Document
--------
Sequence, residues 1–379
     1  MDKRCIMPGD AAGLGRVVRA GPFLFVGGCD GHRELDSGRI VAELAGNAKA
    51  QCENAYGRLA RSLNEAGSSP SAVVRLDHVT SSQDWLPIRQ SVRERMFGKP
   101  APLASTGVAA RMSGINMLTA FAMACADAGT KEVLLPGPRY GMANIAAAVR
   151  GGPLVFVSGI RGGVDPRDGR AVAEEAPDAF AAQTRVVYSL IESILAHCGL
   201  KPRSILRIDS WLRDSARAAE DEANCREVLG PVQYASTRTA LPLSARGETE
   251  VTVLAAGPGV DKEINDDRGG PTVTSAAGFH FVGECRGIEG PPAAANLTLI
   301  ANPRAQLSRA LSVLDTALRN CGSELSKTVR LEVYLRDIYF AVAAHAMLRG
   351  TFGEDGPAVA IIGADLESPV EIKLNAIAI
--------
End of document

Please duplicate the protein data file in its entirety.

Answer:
Sequence, residues 1–379
     1  MDKRCIMPGD AAGLGRVVRA GPFLFVGGCD GHRELDSGRI VAELAGNAKA
    51  QCENAYGRLA RSLNEAGSSP SAVVRLDHVT SSQDWLPIRQ SVRERMFGKP
   101  APLASTGVAA RMSGINMLTA FAMACADAGT KEVLLPGPRY GMANIAAAVR
   151  GGPLVFVSGI RGGVDPRDGR AVAEEAPDAF AAQTRVVYSL IESILAHCGL
   201  KPRSILRIDS WLRDSARAAE DEANCREVLG PVQYASTRTA LPLSARGETE
   251  VTVLAAGPGV DKEINDDRGG PTVTSAAGFH FVGECRGIEG PPAAANLTLI
   301  ANPRAQLSRA LSVLDTALRN CGSELSKTVR LEVYLRDIYF AVAAHAMLRG
   351  TFGEDGPAVA IIGADLESPV EIKLNAIAI